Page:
Sepsis Can Cause a Red Line on Your Skin—Here's What You Need to Know

A mother warns other parents after noticing the mark on her son.

Sepsis is a potentially fatal condition that's caused by an extreme reaction the body has to an infection.

But would you know how to identify this life-threatening reaction?

A mother, Alexandra Ruddy, noticed a red mark on her son's arm that left her with an uneasy feeling. This gut instinct led her to take her eight-year-old to the doctor's office immediately. And it's a good thing she did: Her son had sepsis.

Ruddy shared a photo of the mark on Facebook and mentioned that her son had taken a fall that resulted in open wounds. She wrote that the wounds didn't look infected when she noticed the red mark on his arm, highlighting the fact that sepsis can occur with little warning.

"[O]n our way to the beach, he showed me his hand. I wasn't happy as I noticed red tracking down his vein. I then checked his elbow—the same," Ruddy wrote on Facebook. She admitted that she felt "a bit silly" seeking medical help after noticing the red lines, but that her instincts proved right. "[The doctor] commended me on recognizing it and getting [to the doctor] ASAP. This is blood poisoning/sepsis. It isn't something you can 'leave' until Monday when the doctors are back in the office."

Sepsis happens when an infection you already have triggers a chain reaction throughout your body. Without timely treatment, sepsis can rapidly lead to tissue damage, organ failure, and death. At least 1.7 million adults in America develop sepsis. Nearly 270,000 Americans die as a result, according to the Centers for Disease Control and Prevention (CDC).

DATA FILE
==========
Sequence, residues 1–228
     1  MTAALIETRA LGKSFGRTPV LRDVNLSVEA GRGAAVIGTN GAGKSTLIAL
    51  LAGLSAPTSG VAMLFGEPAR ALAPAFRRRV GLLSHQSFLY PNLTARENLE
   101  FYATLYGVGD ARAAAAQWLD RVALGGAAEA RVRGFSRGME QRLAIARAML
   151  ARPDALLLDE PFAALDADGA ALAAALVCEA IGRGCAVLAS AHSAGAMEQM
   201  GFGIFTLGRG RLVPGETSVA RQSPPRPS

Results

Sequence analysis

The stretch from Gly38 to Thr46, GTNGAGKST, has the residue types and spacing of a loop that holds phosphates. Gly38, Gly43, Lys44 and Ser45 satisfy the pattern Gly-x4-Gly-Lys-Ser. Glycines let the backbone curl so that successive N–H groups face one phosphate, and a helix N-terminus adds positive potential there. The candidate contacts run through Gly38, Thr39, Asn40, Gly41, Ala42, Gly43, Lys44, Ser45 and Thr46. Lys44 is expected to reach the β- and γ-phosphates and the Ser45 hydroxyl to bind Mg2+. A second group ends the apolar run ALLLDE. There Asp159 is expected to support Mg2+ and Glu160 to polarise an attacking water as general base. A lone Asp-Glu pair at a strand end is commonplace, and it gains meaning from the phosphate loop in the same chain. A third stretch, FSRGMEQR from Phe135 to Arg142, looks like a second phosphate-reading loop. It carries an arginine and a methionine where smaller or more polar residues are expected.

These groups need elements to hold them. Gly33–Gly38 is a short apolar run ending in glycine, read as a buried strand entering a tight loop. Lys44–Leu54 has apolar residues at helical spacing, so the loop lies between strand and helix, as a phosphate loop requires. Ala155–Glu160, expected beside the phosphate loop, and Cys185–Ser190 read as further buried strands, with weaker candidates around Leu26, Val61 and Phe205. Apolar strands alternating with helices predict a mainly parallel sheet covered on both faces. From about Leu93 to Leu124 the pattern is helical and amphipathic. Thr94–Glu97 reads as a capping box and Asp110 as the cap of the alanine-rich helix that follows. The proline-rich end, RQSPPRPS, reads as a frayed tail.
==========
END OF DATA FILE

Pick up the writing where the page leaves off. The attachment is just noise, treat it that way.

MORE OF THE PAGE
"Sepsis is the most serious form of any infection," Frank Esper, MD, pediatric infectious disease specialist at Cleveland Clinic, told Health. "Sepsis is when you have an infection so bad it is disseminating across the body—kidneys shutting down, liver shutting down, heart's in trouble." Seeking medical care quickly is of the utmost importance once you see symptoms, which may include mental decline, a fever, and fatigue.

A red mark like the one on Ruddy's son may appear if an infection travels through the lymph nodes to other parts of the body. "It's very concerning. You need to be on antibiotics immediately," said Dr. Esper, adding that his team sees these marks often.

Ruddy wrote that her son's health improved when he started taking antibiotics to treat his infection. But she cautioned other parents not to wait if they notice a mark like his on their child. "If you spot this red line running from a wound along the vein, get yourself/your child seen straight away," she wrote.

Dr. Esper said there's a simple way to keep track of whether or not redness around a wound is spreading, which could signal infection. "Take a pen and mark around the site. Draw a border around the redness. Does the redness go beyond that mark [the next day]? If you're on antibiotics and the redness goes beyond those markings, we're on the wrong antibiotics or we need something more powerful."

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